Your how should likely rise as organically as possible from exploring these earlier questions and therefore not be something I (or any other expert or consultant) can truly tell you.  Having said that, this week I’d love to leave you with a few bullet points about how which I believe are probably unavoidable conclusions from our previous explorations.  If you agree, consider them as you work toward your own specifics.  For each bullet point, I’ve included a resource which I offer which may help you understand or implement that point.  If it will help you, don’t hesitate to contact me about that resource.

How does discipleship occur?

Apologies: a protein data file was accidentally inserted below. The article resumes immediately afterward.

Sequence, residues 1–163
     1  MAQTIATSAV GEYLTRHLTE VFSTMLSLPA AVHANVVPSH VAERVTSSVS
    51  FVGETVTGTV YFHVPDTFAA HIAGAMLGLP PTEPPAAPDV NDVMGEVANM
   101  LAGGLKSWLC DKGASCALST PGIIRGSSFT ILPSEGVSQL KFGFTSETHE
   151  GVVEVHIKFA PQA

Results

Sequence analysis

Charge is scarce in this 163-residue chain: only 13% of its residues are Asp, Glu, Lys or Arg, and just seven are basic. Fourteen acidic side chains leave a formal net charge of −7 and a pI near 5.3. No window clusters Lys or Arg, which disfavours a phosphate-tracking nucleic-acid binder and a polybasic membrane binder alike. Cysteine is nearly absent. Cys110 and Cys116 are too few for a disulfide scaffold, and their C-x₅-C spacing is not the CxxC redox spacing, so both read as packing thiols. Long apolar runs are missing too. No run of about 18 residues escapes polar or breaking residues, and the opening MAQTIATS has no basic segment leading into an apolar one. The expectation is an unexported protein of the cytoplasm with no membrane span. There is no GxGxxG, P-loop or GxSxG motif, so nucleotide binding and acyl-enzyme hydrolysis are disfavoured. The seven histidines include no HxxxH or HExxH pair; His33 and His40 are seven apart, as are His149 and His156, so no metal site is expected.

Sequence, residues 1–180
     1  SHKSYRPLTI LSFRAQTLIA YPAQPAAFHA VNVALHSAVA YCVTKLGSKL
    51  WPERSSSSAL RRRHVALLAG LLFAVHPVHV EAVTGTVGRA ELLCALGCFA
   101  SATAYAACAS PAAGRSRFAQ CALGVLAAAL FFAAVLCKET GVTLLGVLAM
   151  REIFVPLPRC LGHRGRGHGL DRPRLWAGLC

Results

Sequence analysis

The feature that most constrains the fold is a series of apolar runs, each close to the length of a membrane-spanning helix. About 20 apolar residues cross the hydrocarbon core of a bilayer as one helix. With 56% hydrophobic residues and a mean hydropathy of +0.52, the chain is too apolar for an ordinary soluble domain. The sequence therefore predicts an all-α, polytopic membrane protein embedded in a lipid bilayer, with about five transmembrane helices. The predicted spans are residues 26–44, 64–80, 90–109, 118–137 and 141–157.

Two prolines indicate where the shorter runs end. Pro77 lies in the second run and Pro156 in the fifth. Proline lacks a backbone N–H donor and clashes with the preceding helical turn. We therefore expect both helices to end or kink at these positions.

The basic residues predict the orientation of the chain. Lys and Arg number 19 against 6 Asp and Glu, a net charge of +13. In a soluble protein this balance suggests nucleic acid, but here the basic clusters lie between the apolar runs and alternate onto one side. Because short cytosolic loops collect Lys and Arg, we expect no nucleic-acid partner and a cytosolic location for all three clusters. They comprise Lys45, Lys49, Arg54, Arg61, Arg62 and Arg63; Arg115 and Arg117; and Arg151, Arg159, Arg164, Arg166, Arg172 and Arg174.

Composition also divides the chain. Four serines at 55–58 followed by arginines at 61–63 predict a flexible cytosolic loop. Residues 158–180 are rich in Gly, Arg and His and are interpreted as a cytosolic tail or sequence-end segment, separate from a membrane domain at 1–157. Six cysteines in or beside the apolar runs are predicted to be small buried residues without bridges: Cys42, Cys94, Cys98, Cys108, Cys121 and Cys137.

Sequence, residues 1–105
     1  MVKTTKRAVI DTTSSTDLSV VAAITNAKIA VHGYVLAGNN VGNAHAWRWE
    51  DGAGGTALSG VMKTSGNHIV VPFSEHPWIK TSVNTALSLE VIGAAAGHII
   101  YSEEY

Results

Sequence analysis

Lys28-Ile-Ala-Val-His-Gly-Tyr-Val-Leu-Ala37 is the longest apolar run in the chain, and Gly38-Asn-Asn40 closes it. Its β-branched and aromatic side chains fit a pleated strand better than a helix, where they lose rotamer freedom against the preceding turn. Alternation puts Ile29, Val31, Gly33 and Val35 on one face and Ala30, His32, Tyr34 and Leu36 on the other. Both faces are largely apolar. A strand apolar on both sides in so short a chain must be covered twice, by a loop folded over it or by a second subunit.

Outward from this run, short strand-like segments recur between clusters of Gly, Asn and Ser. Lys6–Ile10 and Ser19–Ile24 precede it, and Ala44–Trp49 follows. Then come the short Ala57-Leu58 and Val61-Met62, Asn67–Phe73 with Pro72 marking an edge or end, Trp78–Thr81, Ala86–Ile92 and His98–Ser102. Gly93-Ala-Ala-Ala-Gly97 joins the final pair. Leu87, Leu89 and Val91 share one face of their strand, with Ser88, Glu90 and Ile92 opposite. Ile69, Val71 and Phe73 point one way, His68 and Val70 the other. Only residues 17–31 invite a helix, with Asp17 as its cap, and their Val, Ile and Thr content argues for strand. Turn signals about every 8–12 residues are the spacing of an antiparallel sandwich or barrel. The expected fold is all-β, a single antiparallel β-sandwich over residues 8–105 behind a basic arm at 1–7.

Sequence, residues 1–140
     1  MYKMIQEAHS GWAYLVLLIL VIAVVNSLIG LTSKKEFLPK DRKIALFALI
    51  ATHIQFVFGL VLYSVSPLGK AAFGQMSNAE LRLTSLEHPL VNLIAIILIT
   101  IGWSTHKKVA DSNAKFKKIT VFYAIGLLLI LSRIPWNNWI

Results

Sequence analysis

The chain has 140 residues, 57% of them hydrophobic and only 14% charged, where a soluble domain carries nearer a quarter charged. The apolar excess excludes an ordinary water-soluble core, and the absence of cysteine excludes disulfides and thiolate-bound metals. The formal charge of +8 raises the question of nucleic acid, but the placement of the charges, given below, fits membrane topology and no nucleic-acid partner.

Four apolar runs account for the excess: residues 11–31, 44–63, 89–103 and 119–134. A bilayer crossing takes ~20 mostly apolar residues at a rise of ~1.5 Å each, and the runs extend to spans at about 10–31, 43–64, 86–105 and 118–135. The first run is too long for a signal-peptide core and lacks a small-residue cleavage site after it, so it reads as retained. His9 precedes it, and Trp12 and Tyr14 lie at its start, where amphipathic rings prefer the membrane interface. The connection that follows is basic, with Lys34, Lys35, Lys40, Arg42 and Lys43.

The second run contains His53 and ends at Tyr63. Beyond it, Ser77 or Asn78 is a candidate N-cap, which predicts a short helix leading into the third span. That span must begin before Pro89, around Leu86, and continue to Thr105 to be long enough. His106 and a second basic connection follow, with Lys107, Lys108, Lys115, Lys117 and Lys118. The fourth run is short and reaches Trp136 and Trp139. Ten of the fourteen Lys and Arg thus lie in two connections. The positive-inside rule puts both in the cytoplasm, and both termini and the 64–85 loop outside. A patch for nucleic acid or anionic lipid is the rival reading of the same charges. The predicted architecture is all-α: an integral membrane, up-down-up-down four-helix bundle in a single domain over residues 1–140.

Discipleship occurs in community:  In every example we have both in scripture and in experience, discipleship occurs most reliably and consistently, not as one-to-one, or even one-to-many but in many-to-many situations, where mutual benefit occurs.  What you need to be building is not a discipleship program,  but a community where discipleship thrives among the members.  Sometimes, in fact, we develop programs which prove to be a hindrance to community discipleship happening.  How can you equip people to disciple each other and somehow motivate them to create the time and space to gather in fruitful moving communities where they serve each other?  Do we give our small groups time and resources to make this happen; do we give our parents time and resources to disciple their kids; do we give our church time to disciple organically in communities or do we keep them so busy doing programs in artificial attempts at discipleship that genuine community and intimacy is stifled?  Many churches preach well about small groups (missions communities, life groups, home fellowships, cell churches) but have no plan for training or prioritizing their small group leaders. I have a small group training retreat or seminar to help get you off on the right foot, as well as coaching to help you sustain it. Let me know if either of these things would be helpful to you. Prices are always  negotiable based on your circumstances and other needs.